Physical exercise is widely accepted as one of the best ways to stay healthy, and there may be another one. A systematic review found that physical exercise has clear benefits in concussion recovery.


Currently, most physicians and websites say that rest is the most treatment post-concussion. Indeed, most athletes must go through a series of graded steps, starting from complete rest to light activity, before being able to return to play. Patients are commonly scored on Post Concussion Symptom Scale (PCSS) to evaluate symptom severity, but many seek a more active way to minimize their downtime and accelerate recovery. A recent meta-analysis examined 14 studies on the effect of physical exercise postconcussion. The review, published in The American Journal of Sports Medicine, took the average of each study’s PCSS scores to determine if physical activity had any effect on recovery or symptom severity. They found “clear benefits of physical exercise in decreasing PCSS score, percentage of people with symptoms of a concussion, and duration of symptoms… without affecting balance and neuropsychological functions”. They did not examine the mechanism behind why exercise caused these effects but suggested that exercise may increase cerebral blood flow and brain metabolism, which is reduced following a concussion. Another possible explanation is that exercise may help make the person feel less lonely and depressed, contributing towards a decreased PCSS score. Perhaps a combination of rest, physical exercise and constant social interaction is the perfect balance for a fast recovery from a concussion.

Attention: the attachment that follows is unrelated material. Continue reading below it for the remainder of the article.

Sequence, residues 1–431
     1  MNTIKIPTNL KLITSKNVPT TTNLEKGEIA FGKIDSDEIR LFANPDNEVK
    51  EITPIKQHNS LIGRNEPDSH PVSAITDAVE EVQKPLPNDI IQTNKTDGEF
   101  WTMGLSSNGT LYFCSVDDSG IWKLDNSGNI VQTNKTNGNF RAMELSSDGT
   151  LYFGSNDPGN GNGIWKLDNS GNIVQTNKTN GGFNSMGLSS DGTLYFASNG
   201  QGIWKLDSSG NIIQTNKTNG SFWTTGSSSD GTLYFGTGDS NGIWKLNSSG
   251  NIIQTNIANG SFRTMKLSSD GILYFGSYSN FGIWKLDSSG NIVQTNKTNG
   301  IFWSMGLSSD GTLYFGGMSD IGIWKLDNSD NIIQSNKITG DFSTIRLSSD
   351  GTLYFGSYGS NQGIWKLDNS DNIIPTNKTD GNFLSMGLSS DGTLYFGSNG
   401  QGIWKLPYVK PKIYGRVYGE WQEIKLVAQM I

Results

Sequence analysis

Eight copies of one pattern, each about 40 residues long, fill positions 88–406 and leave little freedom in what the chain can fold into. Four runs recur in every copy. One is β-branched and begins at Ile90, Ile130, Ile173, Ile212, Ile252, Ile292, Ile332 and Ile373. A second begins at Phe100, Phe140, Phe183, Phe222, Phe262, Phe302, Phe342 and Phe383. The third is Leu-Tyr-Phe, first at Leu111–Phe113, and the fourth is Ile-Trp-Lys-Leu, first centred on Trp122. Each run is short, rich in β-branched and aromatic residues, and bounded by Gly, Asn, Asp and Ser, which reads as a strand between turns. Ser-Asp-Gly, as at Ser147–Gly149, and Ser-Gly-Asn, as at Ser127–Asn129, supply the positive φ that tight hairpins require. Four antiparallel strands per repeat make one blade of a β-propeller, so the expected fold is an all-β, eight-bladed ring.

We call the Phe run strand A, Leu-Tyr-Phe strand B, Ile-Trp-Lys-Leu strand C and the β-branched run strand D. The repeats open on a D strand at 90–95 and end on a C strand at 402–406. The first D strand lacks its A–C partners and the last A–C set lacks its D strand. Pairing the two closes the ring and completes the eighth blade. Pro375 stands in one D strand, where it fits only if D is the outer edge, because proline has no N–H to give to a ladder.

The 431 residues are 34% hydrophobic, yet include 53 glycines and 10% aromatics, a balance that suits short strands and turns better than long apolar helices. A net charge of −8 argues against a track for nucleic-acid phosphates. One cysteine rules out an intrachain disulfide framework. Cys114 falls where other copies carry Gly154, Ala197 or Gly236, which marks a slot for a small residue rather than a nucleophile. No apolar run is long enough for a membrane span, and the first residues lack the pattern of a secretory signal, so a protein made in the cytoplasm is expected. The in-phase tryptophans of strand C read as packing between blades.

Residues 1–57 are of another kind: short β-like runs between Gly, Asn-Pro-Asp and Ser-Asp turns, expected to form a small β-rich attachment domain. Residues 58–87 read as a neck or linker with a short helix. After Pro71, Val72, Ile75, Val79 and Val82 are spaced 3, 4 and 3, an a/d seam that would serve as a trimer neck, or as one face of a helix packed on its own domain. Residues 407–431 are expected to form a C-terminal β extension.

The American Journal of Sports Medicine, 2017. DOI: 10.1177/0363546517706137

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